Jordan: Maybe “you three players, you have this to deal with, go talk about it” separate from the table. Could be a puzzle, riddle or talking character backstory. Then they can relate to other players, so it’s not up to you to relate to a whole group.
Erin: Sometimes people get caught in tropes, expectations versus reality. An idea that we’ll have a conversation and be buddies, you end up staging questions. If you’re happy being mysterious and putting a hood over your head, awesome, but if that’s not the character you want to play, you won’t be happy. Need to entertain you, the GM, and other players.

Followup audience comment, some players will naturally move more into the spotlight, so “I find a helpful trick for getting a person in, is have a time out, go individually to players”. Or if there’s a pirate NPC that gets on well with a broody orc, create a murderous buccaneer on board to get along with him.
Erin: Works great with five or less people, but at the six plus mark, combat is tearful, especially running 5 NPCs on top of your players. Can give some plot stuff to go and punch fish, players can help flesh out NPC actions too.

Question: What about when you notice one player has more off-player interactions?
Erin: I think that’s fine. There’s the same game we both run and play in it, trading off GM duty, “Lightbreak”. It evens out to it’s what people want to do.
Jordan: I have very little interest in text roleplaying. But it’s a great time to enhance the story, use that player as a resource. Drop a note, maybe put in exclamation points so they bring it up next game: “Guys, you forgot the prince’s son in the dungeon, with the treasure chest.” If you want to encourage, you could offer 10 XP, but I don’t usually do that.
Erin: If you really want people in on a conversation.
Jordan: That’s a player who is excited about the game after the game, so use that resource.

Question: How do you set stakes in a game, as not everything can be world ending?
Jordan: Nor should it be. We’re going to go back to the pickle maker.
Follow-Up: If players went in, had bad rolls, decided they weren’t ready and to let someone else handle the plot?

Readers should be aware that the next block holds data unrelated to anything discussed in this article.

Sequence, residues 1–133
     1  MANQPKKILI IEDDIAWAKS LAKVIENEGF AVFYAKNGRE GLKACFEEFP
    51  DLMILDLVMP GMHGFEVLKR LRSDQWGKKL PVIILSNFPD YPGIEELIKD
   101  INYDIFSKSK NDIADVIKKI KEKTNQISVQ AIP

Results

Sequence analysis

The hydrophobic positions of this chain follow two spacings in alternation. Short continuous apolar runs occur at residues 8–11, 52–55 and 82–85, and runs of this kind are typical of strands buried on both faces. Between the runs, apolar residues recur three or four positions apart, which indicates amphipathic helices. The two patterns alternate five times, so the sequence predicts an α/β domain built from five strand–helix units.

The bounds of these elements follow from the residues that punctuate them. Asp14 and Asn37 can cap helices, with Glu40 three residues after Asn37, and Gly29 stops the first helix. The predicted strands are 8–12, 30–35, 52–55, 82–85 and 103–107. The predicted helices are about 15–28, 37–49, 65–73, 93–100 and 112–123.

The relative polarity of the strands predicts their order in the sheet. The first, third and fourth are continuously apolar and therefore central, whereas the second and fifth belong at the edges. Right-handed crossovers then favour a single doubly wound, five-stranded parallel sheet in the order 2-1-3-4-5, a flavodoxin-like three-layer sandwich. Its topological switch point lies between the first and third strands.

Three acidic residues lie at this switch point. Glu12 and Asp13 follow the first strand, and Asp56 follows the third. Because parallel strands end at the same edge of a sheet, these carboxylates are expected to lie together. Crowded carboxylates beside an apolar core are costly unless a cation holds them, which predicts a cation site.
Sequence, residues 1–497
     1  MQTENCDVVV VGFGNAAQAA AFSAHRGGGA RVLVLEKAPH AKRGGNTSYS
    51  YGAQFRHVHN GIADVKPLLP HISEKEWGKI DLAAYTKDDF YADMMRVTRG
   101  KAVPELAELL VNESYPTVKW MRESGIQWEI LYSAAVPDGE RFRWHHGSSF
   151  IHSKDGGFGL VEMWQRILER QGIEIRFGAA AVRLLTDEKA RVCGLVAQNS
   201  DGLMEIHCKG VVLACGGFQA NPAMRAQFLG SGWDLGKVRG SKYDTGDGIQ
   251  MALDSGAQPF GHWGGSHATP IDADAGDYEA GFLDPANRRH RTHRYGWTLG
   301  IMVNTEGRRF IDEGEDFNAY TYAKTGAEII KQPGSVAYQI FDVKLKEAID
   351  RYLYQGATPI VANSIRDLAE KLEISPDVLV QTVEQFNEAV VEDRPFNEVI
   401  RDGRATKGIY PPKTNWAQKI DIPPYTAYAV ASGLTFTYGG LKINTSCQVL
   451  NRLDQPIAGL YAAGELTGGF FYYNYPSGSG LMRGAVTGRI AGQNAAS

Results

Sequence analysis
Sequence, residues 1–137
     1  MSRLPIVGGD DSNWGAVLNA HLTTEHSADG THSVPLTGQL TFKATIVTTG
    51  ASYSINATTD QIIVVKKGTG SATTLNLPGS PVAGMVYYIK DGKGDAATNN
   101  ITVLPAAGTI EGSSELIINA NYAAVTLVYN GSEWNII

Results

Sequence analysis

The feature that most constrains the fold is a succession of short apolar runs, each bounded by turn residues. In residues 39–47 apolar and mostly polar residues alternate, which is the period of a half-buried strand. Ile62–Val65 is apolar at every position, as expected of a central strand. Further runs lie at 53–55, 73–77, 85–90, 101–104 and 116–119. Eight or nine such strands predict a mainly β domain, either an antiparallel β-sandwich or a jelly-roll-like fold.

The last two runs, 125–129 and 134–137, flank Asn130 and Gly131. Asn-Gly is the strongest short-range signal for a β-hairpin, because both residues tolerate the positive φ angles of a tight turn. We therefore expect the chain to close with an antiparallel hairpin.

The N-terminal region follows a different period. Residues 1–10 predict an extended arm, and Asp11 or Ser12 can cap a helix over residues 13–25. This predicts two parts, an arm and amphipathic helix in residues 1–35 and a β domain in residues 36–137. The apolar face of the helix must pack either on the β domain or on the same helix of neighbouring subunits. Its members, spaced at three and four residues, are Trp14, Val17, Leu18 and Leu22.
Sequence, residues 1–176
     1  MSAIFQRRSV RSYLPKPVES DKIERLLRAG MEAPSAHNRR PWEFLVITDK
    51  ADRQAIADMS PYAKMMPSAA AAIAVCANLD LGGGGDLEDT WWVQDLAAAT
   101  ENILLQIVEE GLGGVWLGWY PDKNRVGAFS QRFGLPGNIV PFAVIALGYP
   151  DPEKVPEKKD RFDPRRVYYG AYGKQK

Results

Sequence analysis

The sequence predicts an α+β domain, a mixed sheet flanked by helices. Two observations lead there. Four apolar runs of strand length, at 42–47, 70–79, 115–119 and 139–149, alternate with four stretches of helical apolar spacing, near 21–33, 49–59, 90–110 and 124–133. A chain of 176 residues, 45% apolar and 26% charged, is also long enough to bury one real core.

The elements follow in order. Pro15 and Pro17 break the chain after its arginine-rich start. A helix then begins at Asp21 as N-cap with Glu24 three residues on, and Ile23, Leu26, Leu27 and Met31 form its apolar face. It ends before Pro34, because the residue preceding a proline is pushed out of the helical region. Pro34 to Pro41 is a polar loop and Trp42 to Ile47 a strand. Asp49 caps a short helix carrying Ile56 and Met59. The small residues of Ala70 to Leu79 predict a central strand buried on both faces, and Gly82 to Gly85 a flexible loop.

Erin: When you start, you do have to have something called a “vision document” - another RP panel at 7pm. If you’re trying to run a campaign of “everyone’s evil”, or “go through a building with traps”, it’s up to them to play it. It’s not your job to make up a new adventure on the fly, that’s super rude. If the players have a new direction, that’s fine.
Jordan: I’d say player failure is also a resource.

Question which was related to one of the old D&D models.
Jordan: Bad guys have won, that fundamentally changes the world. But if you want to continue, if it’s important, make the consequences of what they chose important.
Erin: But don’t send in an NPC to rescue them.
Jordan: Yeah, suddenly the people who gave the quests are orcish slavers. And they won, now slavery is legal.
Erin: So orcish slavers capture them and put them in your original module.
Jordan: Players should always affect what’s going on.
Erin: If they don’t like how this is going, that’s bad.
Jordan: Talk to them, if you want players to be heroes, be clear.
Erin: I keep meticulous DM notes about consequences.
Jordan: Like that kid we stole gold from in the first game is the bad guy now, he’s got a +5 sword!

Question: Suggestions about running evil campaigns?
Jordan: Two part answer. Part one is don’t. Second point is if you have an evil campaign, have that vision document or initial session, what we call session zero, where they talk about how they’re not going to murder *each other*. Because “I’m the Destroyer, I want to destroy reality - including these three guys.”
Erin: Things need to happen in expository after the game has ended. Have to put Player vs Player, boring to watch people roll.
Jordan: It’s up to the defender how interactions go. If evil people need evil allies, might want to kill them eventually, but they’re my useful tools right now.
Erin: Pick a tone for evil games. A small petty crime villain, a crew of bumbling bad guys, evil guys, it’s a bit slapstick. One concept was anti-Paladin who wants to kill people, to send people to heaven. Which wouldn’t fit with everyone being chased around by cats. Put things in a “vision document”, lay out this is what we’re planning to do.